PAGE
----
Instead of

Say or write


confirm, determine, validate


method, plan, process


wrong, incorrect


amount, value, cost, price

Words that are used over and over fade into the background. It might be helpful to start a list of frequently used words and list replacement synonyms. Even if you’re reporting the same thing, if you use synonyms then your reports will appear more dynamic.

Jargon and Acronyms

Along the same lines of using a synonym to improve communication is avoiding jargon and acronyms to also improve communication.

“In business, if you’re having an all-hands meeting and talking about a project that the entire room isn’t familiar with, make sure it’s fully explained. If you’re using industry jargon that not everyone in the room would know, be sure to use a synonym with it” (Schiefelbein 105).

Making difficult concepts simple is vital in audit reporting since your audit client might understand the concept, but your final reader (like the executive) might not.

Don’t assume that your executive understands IT, because 9 times out of 10, they don’t... and neither does the audit committee... and neither do I... does anyone outside of IT get IT? Better simplify it. An easy way to make sense of jargon is to use a simplified conclusion to connect the jargon to the reader. Or just use the simple conclusion and forget the jargon (if you can).

For example, an audit report might have an IT issue that looks like this:

  • Evidence: The SMTP service was running on 37/ UNIX/Linux-based IP addresses that permitted the VRFY, EXPN, and RCPT commands.

In this sentence, we have the perfect combination of everything that makes a head spin: we have numbers, slashes, all caps, and abbreviations. And if you’re an IT auditor, you probably completely understand this sentence. But no one else does.

So take the jargon, the acronyms, and the overall lack of understanding out of this sentence. Write what you want your reader to conclude from the piece of evidence listed above. For example:

  • Conclusion: SMTP configurations are not securely managed.
  • Risk: An attacker could easily identify the accounts that are on a machine without authenticating to the server.

To improve overall understanding, the quick and dirty tip here is to use short words, short sentences, and substitute acronyms and jargon with normal words.

{tweetme}Making difficult concepts simple is vital in audit reporting, since your audit client might understand the concept, but your final reader (like the executive) might not. #audit{/tweetme}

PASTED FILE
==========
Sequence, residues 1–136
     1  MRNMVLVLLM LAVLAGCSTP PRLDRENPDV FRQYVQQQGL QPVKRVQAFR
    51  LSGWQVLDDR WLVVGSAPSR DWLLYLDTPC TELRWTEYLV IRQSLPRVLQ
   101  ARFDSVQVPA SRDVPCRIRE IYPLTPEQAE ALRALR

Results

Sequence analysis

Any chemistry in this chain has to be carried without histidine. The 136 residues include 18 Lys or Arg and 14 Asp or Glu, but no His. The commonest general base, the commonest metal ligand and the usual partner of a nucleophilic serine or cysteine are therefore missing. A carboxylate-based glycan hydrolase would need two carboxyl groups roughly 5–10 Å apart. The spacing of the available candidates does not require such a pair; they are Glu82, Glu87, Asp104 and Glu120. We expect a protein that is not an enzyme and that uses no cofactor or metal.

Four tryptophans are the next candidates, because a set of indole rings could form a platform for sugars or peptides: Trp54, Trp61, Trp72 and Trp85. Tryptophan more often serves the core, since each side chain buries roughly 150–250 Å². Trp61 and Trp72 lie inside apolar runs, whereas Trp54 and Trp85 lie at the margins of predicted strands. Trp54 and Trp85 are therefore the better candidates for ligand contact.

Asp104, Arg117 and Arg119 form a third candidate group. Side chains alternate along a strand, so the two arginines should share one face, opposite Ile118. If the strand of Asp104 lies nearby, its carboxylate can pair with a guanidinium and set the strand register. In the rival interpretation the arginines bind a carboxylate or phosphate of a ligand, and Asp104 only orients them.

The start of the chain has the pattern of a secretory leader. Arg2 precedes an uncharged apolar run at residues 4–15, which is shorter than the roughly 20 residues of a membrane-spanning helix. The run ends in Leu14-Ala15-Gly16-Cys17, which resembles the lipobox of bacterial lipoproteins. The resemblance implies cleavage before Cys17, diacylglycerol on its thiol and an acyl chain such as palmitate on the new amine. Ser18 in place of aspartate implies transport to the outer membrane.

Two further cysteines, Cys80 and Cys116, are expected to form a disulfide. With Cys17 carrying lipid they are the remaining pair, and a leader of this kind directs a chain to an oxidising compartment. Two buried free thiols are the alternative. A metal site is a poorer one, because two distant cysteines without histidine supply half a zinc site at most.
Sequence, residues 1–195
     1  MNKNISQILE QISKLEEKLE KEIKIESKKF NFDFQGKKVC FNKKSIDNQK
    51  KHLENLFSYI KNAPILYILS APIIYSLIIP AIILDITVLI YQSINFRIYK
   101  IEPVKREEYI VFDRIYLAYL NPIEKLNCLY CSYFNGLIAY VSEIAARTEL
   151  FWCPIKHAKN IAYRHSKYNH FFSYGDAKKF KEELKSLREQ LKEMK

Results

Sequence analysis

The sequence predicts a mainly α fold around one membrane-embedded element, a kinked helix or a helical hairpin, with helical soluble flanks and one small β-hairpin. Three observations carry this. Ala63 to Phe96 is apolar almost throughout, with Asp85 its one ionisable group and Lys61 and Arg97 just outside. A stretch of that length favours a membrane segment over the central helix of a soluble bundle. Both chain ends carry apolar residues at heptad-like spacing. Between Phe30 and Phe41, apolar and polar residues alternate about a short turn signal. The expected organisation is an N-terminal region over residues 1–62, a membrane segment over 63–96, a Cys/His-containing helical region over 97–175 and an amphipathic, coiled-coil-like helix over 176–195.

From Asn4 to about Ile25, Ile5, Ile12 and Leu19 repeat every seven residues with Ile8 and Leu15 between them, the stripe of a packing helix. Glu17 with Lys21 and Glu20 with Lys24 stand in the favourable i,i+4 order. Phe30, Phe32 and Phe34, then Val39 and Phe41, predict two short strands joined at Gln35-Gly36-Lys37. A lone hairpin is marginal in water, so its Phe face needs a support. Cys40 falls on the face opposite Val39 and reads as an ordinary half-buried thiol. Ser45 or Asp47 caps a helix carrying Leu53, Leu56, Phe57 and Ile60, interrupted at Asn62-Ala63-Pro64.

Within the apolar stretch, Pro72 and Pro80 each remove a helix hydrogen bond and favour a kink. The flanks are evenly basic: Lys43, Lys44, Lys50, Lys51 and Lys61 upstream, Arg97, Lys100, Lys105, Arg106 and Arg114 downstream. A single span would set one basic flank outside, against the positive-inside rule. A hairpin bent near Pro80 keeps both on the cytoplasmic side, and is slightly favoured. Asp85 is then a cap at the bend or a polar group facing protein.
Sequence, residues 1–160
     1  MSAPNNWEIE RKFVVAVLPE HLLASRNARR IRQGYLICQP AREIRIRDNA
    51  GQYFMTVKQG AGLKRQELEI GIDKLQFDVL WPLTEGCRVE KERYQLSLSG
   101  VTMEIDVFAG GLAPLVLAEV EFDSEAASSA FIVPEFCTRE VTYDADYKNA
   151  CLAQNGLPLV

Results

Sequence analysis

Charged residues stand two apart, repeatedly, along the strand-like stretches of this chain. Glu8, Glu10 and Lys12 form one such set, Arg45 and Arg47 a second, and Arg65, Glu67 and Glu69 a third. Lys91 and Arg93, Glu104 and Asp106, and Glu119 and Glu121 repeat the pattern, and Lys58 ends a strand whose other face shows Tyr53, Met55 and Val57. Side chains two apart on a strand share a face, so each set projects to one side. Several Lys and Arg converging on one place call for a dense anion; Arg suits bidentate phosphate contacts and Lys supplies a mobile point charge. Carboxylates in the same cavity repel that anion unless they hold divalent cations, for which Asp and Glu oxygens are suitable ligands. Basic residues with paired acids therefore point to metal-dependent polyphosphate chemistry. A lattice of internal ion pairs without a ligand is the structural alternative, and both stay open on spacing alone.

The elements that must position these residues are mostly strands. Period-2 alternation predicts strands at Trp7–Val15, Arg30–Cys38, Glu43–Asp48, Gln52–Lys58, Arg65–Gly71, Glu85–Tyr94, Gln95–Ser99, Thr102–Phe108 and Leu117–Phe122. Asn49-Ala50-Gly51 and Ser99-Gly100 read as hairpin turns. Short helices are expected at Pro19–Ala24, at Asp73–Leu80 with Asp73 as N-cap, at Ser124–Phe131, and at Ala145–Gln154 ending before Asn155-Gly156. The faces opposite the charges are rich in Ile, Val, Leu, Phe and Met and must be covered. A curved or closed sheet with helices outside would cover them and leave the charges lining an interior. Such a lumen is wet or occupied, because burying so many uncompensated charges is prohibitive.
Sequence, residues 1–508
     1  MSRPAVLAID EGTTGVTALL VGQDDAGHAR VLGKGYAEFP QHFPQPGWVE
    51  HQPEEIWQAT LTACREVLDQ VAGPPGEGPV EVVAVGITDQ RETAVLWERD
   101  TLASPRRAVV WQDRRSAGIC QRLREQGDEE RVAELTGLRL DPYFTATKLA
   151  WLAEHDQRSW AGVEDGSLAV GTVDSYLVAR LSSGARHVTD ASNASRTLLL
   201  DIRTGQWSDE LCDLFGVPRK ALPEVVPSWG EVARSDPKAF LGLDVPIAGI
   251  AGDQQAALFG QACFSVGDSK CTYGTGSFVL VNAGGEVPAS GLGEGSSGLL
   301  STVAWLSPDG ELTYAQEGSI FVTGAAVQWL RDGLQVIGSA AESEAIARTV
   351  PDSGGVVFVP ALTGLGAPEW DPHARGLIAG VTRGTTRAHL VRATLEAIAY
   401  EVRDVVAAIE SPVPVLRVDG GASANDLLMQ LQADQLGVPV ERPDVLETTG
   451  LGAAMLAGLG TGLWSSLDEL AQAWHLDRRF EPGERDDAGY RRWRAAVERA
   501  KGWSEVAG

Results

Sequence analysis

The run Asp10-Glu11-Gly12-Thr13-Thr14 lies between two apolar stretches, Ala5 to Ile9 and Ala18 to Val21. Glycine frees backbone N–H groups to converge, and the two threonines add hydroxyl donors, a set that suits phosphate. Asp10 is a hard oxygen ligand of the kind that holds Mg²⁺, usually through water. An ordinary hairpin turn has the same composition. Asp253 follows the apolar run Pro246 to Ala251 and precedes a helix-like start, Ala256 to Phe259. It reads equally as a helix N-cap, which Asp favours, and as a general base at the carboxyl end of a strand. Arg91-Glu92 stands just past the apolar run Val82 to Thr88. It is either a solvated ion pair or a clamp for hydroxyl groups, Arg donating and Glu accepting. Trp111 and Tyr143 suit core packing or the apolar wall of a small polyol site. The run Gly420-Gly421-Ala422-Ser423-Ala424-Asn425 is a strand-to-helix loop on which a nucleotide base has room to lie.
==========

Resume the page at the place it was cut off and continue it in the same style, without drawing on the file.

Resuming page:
Colloquialisms and Conversational Language

When we speak colloquially, we use common words, such as slang, clichés, or an overall conversational style. The above section focused more on the written language, but simplifying language is also important in the spoken language.

“Many people think when they’re giving a business presentation that they shouldn’t be colloquial, and that’s flat out not the case. Of course, you need to analyze your audience beforehand but for your average audience situation you’re going to want to use language that shows you understand and relate to them, and sometimes colloquialisms help you do just that” (108).

Once again, an auditor can either inspire or intimidate. It’s important to present the evidence you have but engage together in a thoughtful conversation as to why the finding occurred. This can help the audit client take ownership of the issue and guide the conversation into developing positive solutions to a problem.

For instance, you could say something like, “We found x, y, and z. We wanted to make sure that the conclusions we’ve drawn from the evidence are correct, and if so, to engage in a conversation together on why this might have happened so we can solve the problem together.” This approach will show the audit client that audit didn’t come in to be the solution but is present to be a helpful partner in developing a solution.

Building Trust

Learning emotional intelligence and communication is not a learn-it-once sort of thing. Thankfully, we are each constantly evolving and learning skills to communicate properly with one another. Let’s all resolve to inspire a little more than we intimidate with the words we use. 

Interesting in learning more about similar topics? Check out one of our upcoming seminars, or take one of Sarah's upcoming training sessions on audit report writing found here. Jill Schiefelbein will also be speaking at our upcoming SuperStrategies Conference & Expo in Las Vegas.